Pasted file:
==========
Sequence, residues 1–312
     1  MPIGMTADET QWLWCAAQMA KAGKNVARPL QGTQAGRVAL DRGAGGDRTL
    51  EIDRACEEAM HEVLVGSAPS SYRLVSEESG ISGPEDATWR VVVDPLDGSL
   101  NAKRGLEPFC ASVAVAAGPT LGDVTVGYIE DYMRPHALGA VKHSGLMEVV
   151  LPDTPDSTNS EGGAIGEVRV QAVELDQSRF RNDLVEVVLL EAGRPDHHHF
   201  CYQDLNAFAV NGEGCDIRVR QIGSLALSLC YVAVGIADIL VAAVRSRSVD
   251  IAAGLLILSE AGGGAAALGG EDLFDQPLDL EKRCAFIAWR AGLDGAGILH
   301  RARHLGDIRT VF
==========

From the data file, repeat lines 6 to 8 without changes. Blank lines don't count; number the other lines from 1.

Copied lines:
   201  CYQDLNAFAV NGEGCDIRVR QIGSLALSLC YVAVGIADIL VAAVRSRSVD
   251  IAAGLLILSE AGGGAAALGG EDLFDQPLDL EKRCAFIAWR AGLDGAGILH
   301  RARHLGDIRT VF